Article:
Bullet journaling – also called dot journaling, or abbreviated as BuJos – is one of those hyped up things you’ve probably seen around the internet and blogs. I’m happy to report for me personally, since adopting this as my daily planner it has lived up to the hype and i’ve felt immensely more organized and clear headed!
Bullet journaling is a unique mix of a planner, goal setter, and journal (duh!) What I like about it most is that you can organize it to fit your needs, you’re not constrained to a certain structure, and it mixes creativity with strategy.
This teal dot grid notebook is the second one i’ve used – I didn’t make it through my first one because I wasn’t digging the smaller size, the fact that the pages didn’t lay flat when opened, and I just needed a fresh start after working out the kinks and what I did ‘wrong’.
My monthly & daily logs
This leads me to what I wanted to share: what i’ve learned while bullet journaling.
Avoid cluttering up your daily logs with too many small to-do items
Instead, focus on what you absolutely have to get done for the day/bigger tasks, and if you need long to-do lists separate them out by projects or events as separate pages.
Don’t forget to utilize the ‘journal’ aspect of the bullet journal
When I first got started with this format, I was using my journal as more of a glorified to-do list and wasn’t using it for reflection enough. Since then I’ve added a weekly recap, weekly gratitude list, and I make sure to jot down some notes on specific days.
Resist spending so much time setting it up, that it stops you from actually using it
It’s very tempting to spend so much time setting up the perfect journal before you dive into it – but you’re not going to get all of the kinks worked out the first time around. I recommend starting with a small, cheaper notebook first and get through a couple months. Once you actually start using it you can refine and move onto that awesome perfect version in another notebook.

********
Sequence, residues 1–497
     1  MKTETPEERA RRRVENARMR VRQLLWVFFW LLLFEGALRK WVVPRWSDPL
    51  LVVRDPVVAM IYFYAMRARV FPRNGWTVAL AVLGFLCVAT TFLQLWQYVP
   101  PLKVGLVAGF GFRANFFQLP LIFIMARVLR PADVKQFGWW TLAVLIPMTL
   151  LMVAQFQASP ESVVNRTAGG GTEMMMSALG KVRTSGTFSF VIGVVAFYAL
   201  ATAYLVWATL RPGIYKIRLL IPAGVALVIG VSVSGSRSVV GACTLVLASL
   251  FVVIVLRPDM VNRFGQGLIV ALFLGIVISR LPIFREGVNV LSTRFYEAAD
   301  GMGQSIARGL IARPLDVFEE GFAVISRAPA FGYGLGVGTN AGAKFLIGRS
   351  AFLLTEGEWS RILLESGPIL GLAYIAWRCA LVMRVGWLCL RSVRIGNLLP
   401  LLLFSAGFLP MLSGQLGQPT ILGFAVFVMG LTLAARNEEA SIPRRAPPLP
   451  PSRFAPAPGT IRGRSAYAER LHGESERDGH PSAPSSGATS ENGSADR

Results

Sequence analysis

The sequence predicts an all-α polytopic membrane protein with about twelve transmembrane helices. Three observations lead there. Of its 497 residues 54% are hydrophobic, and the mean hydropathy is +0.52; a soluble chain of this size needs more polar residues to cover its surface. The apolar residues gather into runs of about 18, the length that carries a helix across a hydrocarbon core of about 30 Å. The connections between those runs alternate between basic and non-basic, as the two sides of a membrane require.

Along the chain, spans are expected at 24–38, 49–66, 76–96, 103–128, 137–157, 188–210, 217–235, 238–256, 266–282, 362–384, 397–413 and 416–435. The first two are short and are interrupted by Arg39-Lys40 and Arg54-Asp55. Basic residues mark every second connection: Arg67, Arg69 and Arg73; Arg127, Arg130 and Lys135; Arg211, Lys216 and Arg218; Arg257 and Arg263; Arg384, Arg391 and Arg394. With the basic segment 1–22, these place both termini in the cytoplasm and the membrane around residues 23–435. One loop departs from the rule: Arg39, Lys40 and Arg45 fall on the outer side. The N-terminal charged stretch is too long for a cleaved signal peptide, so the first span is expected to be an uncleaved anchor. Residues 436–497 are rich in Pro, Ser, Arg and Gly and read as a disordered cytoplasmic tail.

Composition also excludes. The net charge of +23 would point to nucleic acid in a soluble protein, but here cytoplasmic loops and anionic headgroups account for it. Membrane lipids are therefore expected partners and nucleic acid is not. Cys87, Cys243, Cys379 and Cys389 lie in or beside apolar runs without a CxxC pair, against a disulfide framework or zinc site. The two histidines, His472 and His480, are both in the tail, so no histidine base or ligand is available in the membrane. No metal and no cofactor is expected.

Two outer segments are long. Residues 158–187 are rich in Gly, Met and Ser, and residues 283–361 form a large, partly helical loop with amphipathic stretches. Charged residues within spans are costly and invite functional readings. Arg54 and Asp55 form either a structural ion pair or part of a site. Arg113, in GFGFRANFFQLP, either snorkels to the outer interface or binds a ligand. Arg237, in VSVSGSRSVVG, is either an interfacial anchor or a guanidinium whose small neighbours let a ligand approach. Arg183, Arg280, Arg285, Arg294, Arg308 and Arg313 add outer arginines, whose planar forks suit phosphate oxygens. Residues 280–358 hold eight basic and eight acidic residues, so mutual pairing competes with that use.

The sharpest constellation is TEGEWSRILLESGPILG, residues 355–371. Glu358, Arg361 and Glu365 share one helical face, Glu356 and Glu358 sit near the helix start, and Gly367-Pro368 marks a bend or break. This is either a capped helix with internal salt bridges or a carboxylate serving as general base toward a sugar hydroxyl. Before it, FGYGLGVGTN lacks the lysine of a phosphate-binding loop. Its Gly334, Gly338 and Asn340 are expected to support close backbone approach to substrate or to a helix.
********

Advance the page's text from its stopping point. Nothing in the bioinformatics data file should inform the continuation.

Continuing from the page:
Have a planned time to set up your daily log each day
It’s recommended to set up your next day before bed the previous day. I found that didn’t work for me consistently, so I switched to when I sat down at my desk in the morning. It doesn’t matter when you set up your day, it’s just important that you stick to a routine, and a time that works for you. I found during the couple times I missed it in the morning I felt like my day started off on the wrong foot, and it was harder to focus.
Get some pens you really like – and ones that have fine points
This one is arguably less important – but is still important! If you don’t have any pens that get you excited about writing and planning, it’s time to get some new ones. I found these brand of gel pens I really like (and enjoy for all kinds of writing, too) that I wouldn’t have discovered if I didn’t start bullet journaling. I also switched to finer point pens and found it’s a lot easier to write smaller and neater. I got a gift of some fine colored markers that I use for details and headings, that are the perfect creative companion to my go-to black pens.
Reflect, reflect, reflect
Don’t forget to periodically look back to see all that you accomplished. Since it’s half journal half to-do list, it’s so easy to track your personal development. At the end of the week after writing my weekly recap I use that as a trigger to look back on the last weeks accomplishments and make sure i’m on track with my planned monthly focuses.
My new habit tracker i’ve added in. Have you tried bullet journaling and if not, which planner do you really love?